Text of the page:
In writing sports stories, I’ve sometimes penned the penultimate stanza, “The best-laid schemes o’ mice an’ men often go awry,” which I once attributed to Charles Steinbeck, but was quickly corrected by retired school teacher Herb Sherman who said it was actually from a poem Robert Burns wrote in 1785.
When referencing the poem on the sports page, my intent was to show no matter how well we plan, sometimes things go wrong.
For instance, there are high school football teams that seem totally prepared before a game only to snatch defeat from the jaws of victory.
Early this week, I experienced my own version of the best-laid scheme that went awry.
It all began when fellow reporter Alexis Beckham asked me if I would take her to Camp Tontozona east of Payson for a news story she was writing about a deck collapse that had injured some high school students and severed a gas line.
Now, Alexis is a University of Arizona graduate and it’s well known that Sun Devil alum, like myself, do not play well with Wildcats.
Alexis, however is a sweetheart and is not one of those Arizona scalawags who run around calling ASU “Tempe Normal” or the Sun Devils “Scum Devils.”
Nonetheless, taking Alexis to Camp Tontozona was akin to trapping a Wildcat in a Sun Devil lair.
My plan was once we were at Camp T, to possibly photograph her near the huge “Sparky” on the camp’s water tank. Or catch her someplace else where an obvious ASU logo was located.
Later, I could pass the photo around to Roundup employees claiming I had successfully converted a Cat into a Devil. Heck, maybe we’d even use it in the sports pages as part of our coverage of ASU’s upcoming visit to Tontozona.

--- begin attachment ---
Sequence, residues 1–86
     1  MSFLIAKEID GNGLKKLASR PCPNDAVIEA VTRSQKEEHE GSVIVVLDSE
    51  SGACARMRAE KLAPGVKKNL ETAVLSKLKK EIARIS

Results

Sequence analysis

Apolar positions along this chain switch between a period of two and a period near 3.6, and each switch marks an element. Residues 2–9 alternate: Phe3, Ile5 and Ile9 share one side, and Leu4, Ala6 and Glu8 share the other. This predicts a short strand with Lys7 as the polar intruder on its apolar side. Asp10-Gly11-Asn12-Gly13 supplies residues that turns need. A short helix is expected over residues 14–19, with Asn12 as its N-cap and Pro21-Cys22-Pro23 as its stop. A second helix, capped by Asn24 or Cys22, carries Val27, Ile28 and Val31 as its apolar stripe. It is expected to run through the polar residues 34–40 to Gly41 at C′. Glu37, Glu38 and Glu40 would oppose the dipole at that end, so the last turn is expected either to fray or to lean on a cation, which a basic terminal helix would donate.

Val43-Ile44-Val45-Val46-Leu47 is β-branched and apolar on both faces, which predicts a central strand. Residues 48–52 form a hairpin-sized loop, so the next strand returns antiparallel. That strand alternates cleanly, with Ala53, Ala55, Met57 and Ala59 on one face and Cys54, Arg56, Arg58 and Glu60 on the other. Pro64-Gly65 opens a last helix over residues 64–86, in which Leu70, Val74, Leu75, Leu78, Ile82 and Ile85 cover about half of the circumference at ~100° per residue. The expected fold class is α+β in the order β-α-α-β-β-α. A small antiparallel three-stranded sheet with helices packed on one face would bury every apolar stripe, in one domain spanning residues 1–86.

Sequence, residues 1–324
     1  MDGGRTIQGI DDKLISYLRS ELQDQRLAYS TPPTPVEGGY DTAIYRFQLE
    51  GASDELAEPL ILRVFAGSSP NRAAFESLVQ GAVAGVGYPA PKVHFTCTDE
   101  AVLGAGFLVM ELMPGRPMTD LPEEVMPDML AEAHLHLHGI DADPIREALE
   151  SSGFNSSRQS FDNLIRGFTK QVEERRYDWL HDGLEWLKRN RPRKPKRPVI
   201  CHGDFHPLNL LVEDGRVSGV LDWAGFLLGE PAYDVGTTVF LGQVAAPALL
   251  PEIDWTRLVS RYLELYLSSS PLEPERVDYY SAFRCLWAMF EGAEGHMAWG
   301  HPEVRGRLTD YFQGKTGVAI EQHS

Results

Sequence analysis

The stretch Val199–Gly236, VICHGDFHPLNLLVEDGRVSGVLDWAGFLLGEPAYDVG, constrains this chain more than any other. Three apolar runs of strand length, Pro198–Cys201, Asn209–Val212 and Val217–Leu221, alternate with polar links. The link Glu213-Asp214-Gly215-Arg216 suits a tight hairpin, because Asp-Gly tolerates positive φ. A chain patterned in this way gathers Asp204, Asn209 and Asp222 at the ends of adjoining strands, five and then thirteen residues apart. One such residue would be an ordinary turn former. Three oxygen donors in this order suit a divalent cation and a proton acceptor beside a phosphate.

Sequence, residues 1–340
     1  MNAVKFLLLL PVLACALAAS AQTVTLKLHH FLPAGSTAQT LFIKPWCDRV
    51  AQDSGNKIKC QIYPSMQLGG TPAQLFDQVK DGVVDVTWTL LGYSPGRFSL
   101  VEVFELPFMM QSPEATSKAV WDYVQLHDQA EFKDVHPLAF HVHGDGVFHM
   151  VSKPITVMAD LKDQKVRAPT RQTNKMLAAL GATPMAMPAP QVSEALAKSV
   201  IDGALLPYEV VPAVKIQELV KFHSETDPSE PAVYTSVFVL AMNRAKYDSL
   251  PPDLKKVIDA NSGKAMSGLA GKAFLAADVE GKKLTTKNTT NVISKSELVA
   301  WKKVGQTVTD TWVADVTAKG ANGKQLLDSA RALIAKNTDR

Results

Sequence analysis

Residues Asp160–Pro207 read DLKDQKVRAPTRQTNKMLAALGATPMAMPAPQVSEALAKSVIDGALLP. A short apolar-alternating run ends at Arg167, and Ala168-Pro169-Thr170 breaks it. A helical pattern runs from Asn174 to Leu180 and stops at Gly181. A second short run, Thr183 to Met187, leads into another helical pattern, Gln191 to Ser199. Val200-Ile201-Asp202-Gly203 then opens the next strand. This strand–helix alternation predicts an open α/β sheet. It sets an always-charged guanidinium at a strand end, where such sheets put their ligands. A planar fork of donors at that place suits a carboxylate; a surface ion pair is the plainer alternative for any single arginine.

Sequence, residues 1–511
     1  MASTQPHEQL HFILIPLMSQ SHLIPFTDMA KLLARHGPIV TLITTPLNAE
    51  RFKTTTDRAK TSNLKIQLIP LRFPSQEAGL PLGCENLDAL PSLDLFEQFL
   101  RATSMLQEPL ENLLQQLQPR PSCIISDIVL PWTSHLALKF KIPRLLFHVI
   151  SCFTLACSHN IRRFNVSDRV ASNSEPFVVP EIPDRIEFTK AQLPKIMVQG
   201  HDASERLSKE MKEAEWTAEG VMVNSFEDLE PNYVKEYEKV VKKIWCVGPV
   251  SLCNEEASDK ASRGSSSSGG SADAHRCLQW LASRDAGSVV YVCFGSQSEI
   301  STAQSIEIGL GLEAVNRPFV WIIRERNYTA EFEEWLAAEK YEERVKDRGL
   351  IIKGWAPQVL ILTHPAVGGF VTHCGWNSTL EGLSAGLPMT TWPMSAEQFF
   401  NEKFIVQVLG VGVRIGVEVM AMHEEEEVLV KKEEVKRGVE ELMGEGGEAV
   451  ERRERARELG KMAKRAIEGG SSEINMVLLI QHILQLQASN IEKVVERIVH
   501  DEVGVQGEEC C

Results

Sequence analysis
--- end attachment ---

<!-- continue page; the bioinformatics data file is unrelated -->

Also, my goal was to wow Alexis with the pristine beauty of ASU’s football camp, which those rogues down in Tucson can only dream about.
After arriving at Tontozona, I was about to jump-start my heady scheme only to notice rain begin to fall.
Then, just as Alexis and I were walking the last few yards into the camp, the mother of all lightning storms struck, sending chills down my spine.
Also, it turned immediately obvious she doesn’t like lightning any more than I do.
So I scampered (Well, that’s not a good word. Maybe, at my age, I should have used trudged) up the hill to where I’d parked my truck.
Once in it, I steered the aging purple beauty down to near the Tontozona cafeteria where Alexis was photographing the collapsed deck.
She scurried in and with rain falling and lightning striking around us, we retreated to Payson and the friendly confines of the Roundup.
Obviously, I departed Tontozona without my picture of the Wildcat alum and Sparky and without a chance to tout the sheer beauty of the camp.
Once again, it’s like Robert Burns inked, “The best-laid schemes o’ mice an’ men often go awry.”